Eid el-Adha 2016 in Tel Ruemeida and Jabel Rachme neighborhoods of Hebron
On Shuhada street there are bright colored signs and benches, an attempt to make things look normal. I hear tractors working where once there was the meat market, in more efforts of erasure. But the new coat of paint is cracked, and the closed shops and the entrances full of rubble or grown with weeds, the stray dogs and stale smell clearly show that the lively market is now a ghost town. When I enter the neighborhood though, I can feel the relaxed and happy atmosphere of the holiday. Children are playing in fancy new clothes, and the paths are more busy than usual with people going to visit relatives. One of the men I meet, who is a Jerusalem resident, describes the difficulty he had with his boss getting time off work for the Eid. He insisted, but says it’s harder for Palestinians, who have little power to fight for worker rights.
A friend and teacher at the Jabel Rachme mosque tells me about the holiday:
“We are on the second day of Eid el-Adha. For Muslims this is a very important holiday. Meeting family and closeness between family members is a value and message of the holiday. We visit each other, relatives meet, go out on trips, play, laugh and joke. The men visit their sisters and nieces and bring them gifts or money.”
“Here, this is my brother who has down syndrome, but he understands the meaning of the holiday and came to visit me despite the difficulties the soldiers gave him. Eid el-Adha commemorates the story of our prophet Ibrahim who loved his son who was born at an older age very much. He had two children and Ismail was closest to his heart. The prophet saw himself sacrificing his son in a dream. Prophets’ dreams are messages from God, so the next day the prophet told his son he would sacrifice him to God as he saw in the dream, but the moment he put the knife on his neck God sent a sheep instead of his son and Ismail stayed alive. Every year Muslims who can afford to sacrifice a lamb do so and give out the meat to poor people. This way we celebrate and mark this day. It brings much love and warmth between people. In the Muslim religion we only have two holidays with two months between them, so the joy is very great. ”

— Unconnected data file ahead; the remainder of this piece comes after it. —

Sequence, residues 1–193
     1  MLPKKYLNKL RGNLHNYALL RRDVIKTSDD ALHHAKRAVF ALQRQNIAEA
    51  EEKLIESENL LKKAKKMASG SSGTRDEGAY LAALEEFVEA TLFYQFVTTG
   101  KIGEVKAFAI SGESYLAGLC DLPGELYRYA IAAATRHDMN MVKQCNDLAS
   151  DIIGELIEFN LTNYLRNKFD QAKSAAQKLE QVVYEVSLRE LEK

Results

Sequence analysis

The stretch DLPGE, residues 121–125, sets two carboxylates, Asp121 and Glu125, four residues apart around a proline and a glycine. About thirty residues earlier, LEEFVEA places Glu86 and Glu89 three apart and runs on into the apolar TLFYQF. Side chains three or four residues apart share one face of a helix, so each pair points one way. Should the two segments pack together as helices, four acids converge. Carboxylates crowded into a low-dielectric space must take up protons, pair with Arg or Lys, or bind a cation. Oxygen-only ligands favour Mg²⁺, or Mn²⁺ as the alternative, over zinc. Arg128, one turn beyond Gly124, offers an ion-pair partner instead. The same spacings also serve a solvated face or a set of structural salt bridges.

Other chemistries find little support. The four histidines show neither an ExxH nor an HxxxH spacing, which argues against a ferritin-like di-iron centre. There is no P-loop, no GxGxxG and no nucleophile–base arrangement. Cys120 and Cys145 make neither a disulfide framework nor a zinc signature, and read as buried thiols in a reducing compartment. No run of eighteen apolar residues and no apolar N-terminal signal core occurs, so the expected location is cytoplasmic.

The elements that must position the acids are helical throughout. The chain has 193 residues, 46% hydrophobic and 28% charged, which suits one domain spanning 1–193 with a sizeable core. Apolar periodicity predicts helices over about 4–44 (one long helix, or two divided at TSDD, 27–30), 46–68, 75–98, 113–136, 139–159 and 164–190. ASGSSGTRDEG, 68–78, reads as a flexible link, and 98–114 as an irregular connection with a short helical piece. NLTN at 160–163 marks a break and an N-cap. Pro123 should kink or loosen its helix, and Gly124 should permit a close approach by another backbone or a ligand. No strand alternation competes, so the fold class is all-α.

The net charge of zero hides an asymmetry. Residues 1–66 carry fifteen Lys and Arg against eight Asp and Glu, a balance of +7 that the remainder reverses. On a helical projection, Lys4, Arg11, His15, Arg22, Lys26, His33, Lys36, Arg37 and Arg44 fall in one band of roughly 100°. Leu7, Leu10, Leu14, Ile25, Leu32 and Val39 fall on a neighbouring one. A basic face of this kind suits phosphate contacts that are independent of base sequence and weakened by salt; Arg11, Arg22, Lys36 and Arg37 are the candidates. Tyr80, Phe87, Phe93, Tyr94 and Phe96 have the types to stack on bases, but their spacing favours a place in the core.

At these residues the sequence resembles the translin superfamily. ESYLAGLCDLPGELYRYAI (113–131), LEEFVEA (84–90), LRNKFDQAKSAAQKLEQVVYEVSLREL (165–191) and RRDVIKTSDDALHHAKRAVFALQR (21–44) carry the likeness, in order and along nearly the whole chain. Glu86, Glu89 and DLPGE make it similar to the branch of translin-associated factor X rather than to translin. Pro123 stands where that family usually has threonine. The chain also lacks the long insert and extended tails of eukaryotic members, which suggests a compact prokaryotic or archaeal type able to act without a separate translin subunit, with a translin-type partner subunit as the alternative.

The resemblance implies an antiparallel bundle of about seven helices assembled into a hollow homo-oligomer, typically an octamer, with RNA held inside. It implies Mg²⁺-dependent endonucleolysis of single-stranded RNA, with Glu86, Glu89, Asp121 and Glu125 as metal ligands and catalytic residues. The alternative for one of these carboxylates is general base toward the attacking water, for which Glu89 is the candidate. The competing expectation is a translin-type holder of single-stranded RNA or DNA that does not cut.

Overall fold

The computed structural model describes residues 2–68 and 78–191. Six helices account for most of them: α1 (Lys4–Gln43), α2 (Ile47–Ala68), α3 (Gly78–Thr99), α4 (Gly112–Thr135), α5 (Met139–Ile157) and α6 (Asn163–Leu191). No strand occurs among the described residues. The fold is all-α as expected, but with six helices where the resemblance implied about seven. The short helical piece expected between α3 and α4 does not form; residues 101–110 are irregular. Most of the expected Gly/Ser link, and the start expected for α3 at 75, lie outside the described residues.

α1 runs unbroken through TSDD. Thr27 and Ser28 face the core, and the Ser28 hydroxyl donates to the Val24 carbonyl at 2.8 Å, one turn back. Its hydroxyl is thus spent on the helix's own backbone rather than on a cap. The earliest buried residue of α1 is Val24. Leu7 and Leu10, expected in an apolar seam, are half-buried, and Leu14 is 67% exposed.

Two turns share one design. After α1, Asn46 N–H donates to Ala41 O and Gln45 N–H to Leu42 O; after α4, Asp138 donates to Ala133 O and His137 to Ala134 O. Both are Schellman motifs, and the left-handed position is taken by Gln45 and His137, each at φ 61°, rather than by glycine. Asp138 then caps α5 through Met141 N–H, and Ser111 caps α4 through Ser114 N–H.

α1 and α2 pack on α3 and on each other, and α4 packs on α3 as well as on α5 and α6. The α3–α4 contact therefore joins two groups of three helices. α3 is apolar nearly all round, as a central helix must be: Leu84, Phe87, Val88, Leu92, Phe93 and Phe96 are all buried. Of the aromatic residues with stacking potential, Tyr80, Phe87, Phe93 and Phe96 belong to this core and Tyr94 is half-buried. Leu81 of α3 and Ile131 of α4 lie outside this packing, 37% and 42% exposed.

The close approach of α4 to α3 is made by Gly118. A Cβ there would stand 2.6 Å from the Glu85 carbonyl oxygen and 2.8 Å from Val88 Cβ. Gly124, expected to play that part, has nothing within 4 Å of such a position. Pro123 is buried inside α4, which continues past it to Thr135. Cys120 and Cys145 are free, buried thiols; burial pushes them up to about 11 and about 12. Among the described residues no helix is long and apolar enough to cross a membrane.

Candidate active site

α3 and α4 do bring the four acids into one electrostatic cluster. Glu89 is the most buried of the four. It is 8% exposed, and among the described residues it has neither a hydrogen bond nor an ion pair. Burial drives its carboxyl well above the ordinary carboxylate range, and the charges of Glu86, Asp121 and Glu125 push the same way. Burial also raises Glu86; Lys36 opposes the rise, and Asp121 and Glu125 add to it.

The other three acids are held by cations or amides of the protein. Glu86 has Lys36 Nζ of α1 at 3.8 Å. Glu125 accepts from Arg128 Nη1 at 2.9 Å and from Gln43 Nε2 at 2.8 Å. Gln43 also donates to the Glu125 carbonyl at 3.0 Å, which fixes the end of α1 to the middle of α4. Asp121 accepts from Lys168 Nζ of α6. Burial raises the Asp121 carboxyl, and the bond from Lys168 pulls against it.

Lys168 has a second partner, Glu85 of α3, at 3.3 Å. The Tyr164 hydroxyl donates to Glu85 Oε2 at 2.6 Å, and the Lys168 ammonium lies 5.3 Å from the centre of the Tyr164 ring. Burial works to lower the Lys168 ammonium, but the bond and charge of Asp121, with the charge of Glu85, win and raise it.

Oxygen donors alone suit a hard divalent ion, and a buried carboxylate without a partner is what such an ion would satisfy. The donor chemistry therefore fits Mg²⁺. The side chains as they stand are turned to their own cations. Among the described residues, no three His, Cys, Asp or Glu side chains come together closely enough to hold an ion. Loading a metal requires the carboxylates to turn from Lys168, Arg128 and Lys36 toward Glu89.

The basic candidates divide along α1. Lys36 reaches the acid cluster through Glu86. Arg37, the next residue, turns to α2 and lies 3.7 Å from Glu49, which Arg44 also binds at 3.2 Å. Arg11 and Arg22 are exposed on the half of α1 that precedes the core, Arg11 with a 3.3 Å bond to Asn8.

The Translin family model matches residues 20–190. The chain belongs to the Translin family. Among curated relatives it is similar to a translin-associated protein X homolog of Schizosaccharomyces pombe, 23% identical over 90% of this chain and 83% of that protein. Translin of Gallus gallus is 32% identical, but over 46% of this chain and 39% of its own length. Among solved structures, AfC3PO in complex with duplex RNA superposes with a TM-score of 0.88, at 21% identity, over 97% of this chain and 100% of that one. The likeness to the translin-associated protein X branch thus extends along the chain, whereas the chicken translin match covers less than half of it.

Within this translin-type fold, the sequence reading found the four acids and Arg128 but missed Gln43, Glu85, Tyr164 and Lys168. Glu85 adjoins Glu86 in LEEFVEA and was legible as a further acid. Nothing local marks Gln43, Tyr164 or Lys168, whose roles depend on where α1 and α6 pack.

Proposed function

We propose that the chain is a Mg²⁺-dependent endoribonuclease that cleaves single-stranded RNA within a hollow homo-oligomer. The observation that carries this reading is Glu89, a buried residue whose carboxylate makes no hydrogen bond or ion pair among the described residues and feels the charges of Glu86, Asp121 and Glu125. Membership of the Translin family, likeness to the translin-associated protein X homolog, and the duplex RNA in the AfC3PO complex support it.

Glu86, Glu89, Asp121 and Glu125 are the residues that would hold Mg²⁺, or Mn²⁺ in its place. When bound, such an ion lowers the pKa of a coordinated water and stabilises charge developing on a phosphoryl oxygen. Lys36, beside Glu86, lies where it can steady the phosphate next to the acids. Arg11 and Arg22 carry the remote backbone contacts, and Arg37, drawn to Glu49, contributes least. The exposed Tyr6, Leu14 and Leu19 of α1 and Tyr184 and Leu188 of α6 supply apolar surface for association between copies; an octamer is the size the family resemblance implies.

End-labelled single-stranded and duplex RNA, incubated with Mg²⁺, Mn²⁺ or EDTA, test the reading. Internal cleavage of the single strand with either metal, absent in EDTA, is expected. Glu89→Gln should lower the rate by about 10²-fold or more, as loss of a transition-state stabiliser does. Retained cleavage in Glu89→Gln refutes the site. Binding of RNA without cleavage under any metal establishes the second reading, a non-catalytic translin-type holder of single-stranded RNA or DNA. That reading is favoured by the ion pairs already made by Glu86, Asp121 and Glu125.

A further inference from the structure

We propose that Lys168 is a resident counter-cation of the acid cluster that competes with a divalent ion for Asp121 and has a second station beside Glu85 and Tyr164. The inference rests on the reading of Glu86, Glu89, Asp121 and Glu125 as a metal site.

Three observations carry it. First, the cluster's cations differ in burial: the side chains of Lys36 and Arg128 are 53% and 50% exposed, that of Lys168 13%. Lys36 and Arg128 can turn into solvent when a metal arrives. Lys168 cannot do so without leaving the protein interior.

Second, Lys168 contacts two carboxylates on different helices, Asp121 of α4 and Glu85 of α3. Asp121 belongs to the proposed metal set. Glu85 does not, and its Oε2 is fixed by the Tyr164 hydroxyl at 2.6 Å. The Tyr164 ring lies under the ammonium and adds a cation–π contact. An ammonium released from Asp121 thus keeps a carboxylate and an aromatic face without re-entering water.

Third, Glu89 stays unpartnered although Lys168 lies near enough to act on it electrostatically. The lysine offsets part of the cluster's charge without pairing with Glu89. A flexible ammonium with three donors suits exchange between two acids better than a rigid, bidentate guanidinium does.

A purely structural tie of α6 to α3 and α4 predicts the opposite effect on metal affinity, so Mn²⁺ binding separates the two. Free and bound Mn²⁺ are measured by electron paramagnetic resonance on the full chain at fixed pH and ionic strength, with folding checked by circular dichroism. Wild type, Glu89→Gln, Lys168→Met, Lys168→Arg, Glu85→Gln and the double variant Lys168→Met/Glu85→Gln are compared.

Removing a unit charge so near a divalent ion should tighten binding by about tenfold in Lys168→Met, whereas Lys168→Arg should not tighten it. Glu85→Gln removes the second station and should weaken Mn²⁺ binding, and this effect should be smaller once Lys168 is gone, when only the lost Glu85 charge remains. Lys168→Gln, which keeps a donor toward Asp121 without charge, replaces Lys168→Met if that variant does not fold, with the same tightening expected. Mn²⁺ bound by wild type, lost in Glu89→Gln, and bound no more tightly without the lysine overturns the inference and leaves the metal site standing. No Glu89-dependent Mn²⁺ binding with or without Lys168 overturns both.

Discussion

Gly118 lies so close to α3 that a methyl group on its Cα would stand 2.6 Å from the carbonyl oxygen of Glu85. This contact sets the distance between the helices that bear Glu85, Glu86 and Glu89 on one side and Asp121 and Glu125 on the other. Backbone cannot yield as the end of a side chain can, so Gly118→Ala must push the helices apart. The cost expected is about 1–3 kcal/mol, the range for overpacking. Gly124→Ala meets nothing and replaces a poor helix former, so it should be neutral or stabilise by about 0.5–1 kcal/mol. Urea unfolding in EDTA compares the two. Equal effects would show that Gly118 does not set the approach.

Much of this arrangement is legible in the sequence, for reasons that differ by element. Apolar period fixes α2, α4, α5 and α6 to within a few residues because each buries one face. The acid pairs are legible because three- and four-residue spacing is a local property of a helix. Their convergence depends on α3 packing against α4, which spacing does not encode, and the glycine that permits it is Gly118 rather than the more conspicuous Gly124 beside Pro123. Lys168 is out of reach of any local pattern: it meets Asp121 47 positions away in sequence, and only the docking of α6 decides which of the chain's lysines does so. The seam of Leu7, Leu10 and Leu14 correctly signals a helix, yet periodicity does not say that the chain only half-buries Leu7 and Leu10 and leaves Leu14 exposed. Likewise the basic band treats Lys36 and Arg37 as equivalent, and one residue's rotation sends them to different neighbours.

I ask How is the holiday here in Jabl el-Rahme?
“Quiet, but it’s a sensitive area, full of problems. Hard laws are implemented with the aim of expelling people. For example they close the area with blocks, for example sometimes we can enter only if we have a number. Sometimes you have a name and sometimes you don’t. You wait in lines, sometimes for many hours. Even if you’re in a rush to get treatment or if you’re going ot the Doctor, you have to walk.”
“Now we’ve reached the most painful point. If someone from your family was once incarcerated, or was given a few months or years probation in an Israeli court, he’s afraid to enter the area because in a second he can be arrested. Relatives who don’t have this problem come in fear. You know it’s an area with Shahids (those killed). Even if they do come, the sad thing is that they come for 5-10 minutes and run away because they’re scared. They feel they sacrifice a lot coming here to visit their famkly, sister or aunt.”